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Have you heard of DNA? It stands for Do Not Abbreviate apparently. Jokes aside, it's the most widely used acronym in scientific literature in the past 70 years, appearing more than 2.4 million times.

The short form of deoxyribonucleic acid is widely understood, but there are millions more acronyms (like WTF: water-soluble thiourea-formaldehyde) that are making science less useful and more complex for society, according to a new paper released by Australian researchers.

The intensive implementation of currently available tools to fight malaria can achieve a drastic reduction in disease burden, but is not enough to interrupt its transmission.

COVID-19 patients with cardiovascular comorbidities or risk factors are more likely to develop cardiovascular complications while hospitalized, and more likely to die from COVID-19 infection, according to a new study published August 14, 2020 in the open-access journal PLOS ONE by Jolanda Sabatino of Universita degli Studi Magna Graecia di Catanzaro, Italy, and colleagues.

AURORA, Colo. (August 14, 2020) - A new study from the University of Colorado Anschutz Medical Campus challenges a decades-old hypothesis on adaptation, a key feature in how sensory cells of the inner ear (hair cells) detect sound.

A new Boston University School of Public Health (BUSPH) study finds that changes in weight between young adulthood and midlife may have important consequences for a person's risk of early death.

WHAT:
New research supported by the National Institutes of Health delineates how two relatively common variations in a gene called KIF3A are responsible for an impaired skin barrier that allows increased water loss from the skin, promoting the development of atopic dermatitis, commonly known as eczema. This finding could lead to genetic tests that empower parents and physicians to take steps to potentially protect vulnerable infants from developing atopic dermatitis and additional allergic diseases.

BOSTON - Researchers from Massachusetts General Hospital (MGH) have identified a set of modifiable factors from a field of over 100 that could represent valuable targets for preventing depression in adults. In a study published in The American Journal of Psychiatry, the team named social connection as the strongest protective factor for depression, and suggested that reducing sedentary activities such as TV watching and daytime napping could also help lower the risk of depression.

In the spring of 2020, as Massachusetts experienced a surge in COVID-19 cases in the Boston area, four area hospitals conducted universal testing among all pregnant patients at the time of admission for SARS-CoV-2, the virus that causes COVID-19. At the time, Massachusetts had the third highest rate of infection in the country. In an analysis of the data collected during that time, a team of investigators from Brigham and Women's Hospital found no association between the number of in-person health care visits and risk of infection with SARS-CoV-2. Results are published in JAMA.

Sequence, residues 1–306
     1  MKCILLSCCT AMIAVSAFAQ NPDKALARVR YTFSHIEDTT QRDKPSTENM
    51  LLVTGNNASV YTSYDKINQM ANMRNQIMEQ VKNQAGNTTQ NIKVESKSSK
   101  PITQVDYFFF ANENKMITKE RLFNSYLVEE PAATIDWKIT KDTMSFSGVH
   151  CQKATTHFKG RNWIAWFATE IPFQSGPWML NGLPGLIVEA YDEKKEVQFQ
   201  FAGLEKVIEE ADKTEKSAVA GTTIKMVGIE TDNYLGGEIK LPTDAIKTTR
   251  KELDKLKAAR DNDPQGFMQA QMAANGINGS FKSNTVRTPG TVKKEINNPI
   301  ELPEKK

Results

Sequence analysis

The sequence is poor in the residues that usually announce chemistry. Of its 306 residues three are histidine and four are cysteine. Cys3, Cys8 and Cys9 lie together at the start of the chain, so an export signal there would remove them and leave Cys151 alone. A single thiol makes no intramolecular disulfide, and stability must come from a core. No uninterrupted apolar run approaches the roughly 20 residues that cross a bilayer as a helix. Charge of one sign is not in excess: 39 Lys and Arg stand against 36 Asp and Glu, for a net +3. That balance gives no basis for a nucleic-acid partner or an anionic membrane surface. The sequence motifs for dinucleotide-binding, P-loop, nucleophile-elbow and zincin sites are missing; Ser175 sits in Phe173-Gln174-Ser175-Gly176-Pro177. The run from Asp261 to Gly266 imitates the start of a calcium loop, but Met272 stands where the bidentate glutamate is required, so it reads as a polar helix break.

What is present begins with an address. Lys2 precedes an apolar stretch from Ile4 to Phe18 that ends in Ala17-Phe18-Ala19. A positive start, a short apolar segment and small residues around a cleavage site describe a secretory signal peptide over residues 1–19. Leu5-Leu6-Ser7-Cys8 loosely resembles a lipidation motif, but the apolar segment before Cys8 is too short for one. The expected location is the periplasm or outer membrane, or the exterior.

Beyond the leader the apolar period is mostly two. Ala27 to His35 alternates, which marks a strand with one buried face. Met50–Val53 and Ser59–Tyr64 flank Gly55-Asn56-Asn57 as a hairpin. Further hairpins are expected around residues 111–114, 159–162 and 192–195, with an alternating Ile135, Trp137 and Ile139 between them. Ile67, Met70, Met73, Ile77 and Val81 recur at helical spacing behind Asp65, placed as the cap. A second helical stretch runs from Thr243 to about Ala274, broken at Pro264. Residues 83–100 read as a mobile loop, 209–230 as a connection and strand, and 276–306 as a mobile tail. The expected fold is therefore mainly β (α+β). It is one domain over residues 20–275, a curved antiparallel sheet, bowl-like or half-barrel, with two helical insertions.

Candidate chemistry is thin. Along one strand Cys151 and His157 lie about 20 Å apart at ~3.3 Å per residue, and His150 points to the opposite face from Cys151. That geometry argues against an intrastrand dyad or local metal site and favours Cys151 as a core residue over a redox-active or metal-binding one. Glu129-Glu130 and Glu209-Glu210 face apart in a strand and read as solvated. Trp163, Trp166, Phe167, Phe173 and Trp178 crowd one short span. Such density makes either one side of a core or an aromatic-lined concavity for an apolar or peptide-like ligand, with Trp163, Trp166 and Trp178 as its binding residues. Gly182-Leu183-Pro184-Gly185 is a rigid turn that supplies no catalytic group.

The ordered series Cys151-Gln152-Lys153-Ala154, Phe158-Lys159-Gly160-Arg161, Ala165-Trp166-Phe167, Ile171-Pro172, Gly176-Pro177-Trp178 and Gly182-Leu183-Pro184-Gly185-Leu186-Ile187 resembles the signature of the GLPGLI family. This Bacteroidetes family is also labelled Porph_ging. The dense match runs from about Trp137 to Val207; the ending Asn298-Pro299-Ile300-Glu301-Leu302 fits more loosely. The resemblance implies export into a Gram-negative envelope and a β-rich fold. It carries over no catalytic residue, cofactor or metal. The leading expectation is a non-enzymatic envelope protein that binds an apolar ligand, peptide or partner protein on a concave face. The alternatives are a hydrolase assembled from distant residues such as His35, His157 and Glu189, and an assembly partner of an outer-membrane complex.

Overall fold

Past discriminatory housing practices may play a role in perpetuating the significant disparities in infant and maternal health faced by people of color in the U.S., suggests a new study by researchers at the University of California, Berkeley.

HOUSTON -- Two different types of detectable antibody responses in SARS-CoV-2 (COVID-19) tell very different stories and may indicate ways to enhance public health efforts against the disease, according to researchers at The University of Texas MD Anderson Cancer Center. Antibodies to the SARS-CoV-2 spike protein receptor binding domain (S-RBD) are speculated to neutralize virus infection, while the SARS-CoV-2 nucleocapsid protein (N-protein) antibody may often only indicate exposure to the virus, not protections against reinfection.

PULLMAN, Wash. - Scientists have found clear indicators for how the interaction of poor hygiene and antibiotic use contribute to the colonization of antimicrobial-resistant (AMR) bacteria in humans, a problem that contributes to hundreds of thousands of deaths annually.

The findings by researchers at Washington State University's Paul G. Allen School for Global Animal Health (Allen School) and Universidad del Vale de Guatemala (UVG) were published Thursday in the journal Scientific Reports.

BIRMINGHAM, Ala. - Why is the COVID-19 virus deadly, while many other coronaviruses are fairly innocuous and just cause colds?

A team of University of Alabama at Birmingham and Polish researchers propose an answer -- the COVID-19 virus acts as a microRNA "sponge." This action modulates host microRNA levels in ways that aid viral replication and stymies the host immune response.

Influenza-specific bone marrow plasma cells - responsible for maintaining the level of protective antibodies following a flu shot - are short-lived, and decline to their pre-vaccination levels within a year, researchers report. While the findings help explain the lackluster persistence of the antibody response often observed from the annual influenza vaccination, the new study offers insight into how the longevity of the next generation of vaccines could be enhanced.